Algeria After Independence

The Evian Accords which were signed in 1962 giving Algeria immediate independence and French aid to help reconstruct the country. The French Sahara with its oil resources was also handed over to Algeria. In return the FLN guaranteed protection and civil rights for the French Algerians choosing to remain in the country, and the option of choosing either French or Algerian nationality after three years. Eight years of war had shattered Algeria. There had been more than one million Algerian casualties and nearly two million Algerians had lost their homes.

For over a century the French had deprived the Algerians of any but the most minimal opportunity to become involved in its infrastructure and institutions. Algerians had been made a subclass of servants, unskilled labourers and peasants. The departure of the French left the country without the skilled labour to keep the country running. At the same time, internal conflicts within the FLN that had been set aside during the war emerged and a power struggle between various factions of the FLN flared up.

Ahmed Ben Bella, with the support of Colonel Houari Boumedienne, the National Liberation Army chief of staff, emerged as the winner and was elected the first president of Algeria in 1962. The country he presided over had been established as an Arab-Islamic socialist state with a single party political system, the FLN being the only legal party. The FLN was to exercise collective leadership and rule the country from a central political bureau. All the fashionable accoutrements of post-colonial socialist government were activated, including centralization, nationalization of private industry and land reform.

A constitution was passed by popular referendum in 1963 which gave the president wide-ranging powers and few restraints. During his three years as President of Algeria, Ben Bella made some attempts to revive Algeria, but eventually succumbed to the vanity of international politics and domestic autocracy. He never really grappled with the country’s hard-core problems of unemployment and the deficit of technical and administrative skills that prevented the country becoming a modern nation. In 1965 Defence Minister Houari Boumedienne staged a bloodless coup which removed Ben Bella from power.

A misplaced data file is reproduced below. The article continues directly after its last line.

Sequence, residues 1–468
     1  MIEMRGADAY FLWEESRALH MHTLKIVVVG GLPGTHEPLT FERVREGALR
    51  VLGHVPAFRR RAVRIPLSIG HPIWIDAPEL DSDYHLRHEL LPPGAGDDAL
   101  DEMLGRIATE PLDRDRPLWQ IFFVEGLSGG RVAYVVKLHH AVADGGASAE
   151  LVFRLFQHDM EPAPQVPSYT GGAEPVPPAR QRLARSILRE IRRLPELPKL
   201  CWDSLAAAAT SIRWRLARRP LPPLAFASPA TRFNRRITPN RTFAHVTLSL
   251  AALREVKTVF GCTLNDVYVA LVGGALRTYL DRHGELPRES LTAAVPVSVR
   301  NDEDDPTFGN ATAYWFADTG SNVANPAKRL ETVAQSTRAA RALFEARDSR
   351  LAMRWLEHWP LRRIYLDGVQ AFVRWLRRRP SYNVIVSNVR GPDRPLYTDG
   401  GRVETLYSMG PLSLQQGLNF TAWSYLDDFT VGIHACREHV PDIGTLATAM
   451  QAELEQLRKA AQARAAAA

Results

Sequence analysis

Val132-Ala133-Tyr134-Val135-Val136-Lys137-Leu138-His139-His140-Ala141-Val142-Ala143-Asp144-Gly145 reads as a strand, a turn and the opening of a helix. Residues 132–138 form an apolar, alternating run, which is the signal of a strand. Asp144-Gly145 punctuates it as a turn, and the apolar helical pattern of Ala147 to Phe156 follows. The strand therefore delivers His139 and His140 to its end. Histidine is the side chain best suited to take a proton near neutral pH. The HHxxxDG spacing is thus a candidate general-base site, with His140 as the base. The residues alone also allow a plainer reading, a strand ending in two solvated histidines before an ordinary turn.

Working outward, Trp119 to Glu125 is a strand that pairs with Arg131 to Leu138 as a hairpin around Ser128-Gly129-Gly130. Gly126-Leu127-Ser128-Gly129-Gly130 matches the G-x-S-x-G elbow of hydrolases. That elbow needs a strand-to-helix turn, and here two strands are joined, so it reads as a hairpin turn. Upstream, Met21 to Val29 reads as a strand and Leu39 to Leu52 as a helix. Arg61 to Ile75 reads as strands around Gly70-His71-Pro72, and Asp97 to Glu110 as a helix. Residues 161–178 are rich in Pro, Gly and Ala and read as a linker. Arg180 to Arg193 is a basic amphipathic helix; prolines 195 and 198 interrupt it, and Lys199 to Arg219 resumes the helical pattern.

He formed a 26-member Council of Revolution which became the country’s highest government body, with the army displacing the FLN as the overriding political influence. Although Boumedienne held the reins of power tightly until his death in 1978, he also established a more authentically collective form of leadership which finally began to come to grips with building a modern Algeria. The country’s oil resources were developed and an industrial sector was established. Education and literacy became a focus of concentration and agricultural land reform continued.

In the process the Boumedienne government developed a socialist political system which was codified in a constitution in 1976. Under the new constitution Boumedienne was elected president of Algeria and ruled until his death. However, for all Algeria’s accomplishments during this period, imposing authoritarian one-party socialism on a traditional Islamic country was considered a mistake. When Boumedienne’s chosen successor, Colonel Chadli Benjedid, was elected president of Algeria he began to relax the government’s authoritarian practices and made a genuine attempt to solve some of the country’s problems.

Benjedid also pardoned Ahmed Ben Bella in 1980 and released him from house arrest. However, for all his liberal tendencies, Benjedid was a product of the FLN-military elite and was re-elected in 1984 because he ran unopposed. With the fall of oil prices and the resurgence of Islam, the government’s credibility fell dramatically. The manifest failure of world socialism and the government’s failure to solve the country’s increasing social and economic problems, encouraged more and more Algerians to seek solutions in their Islamic traditions.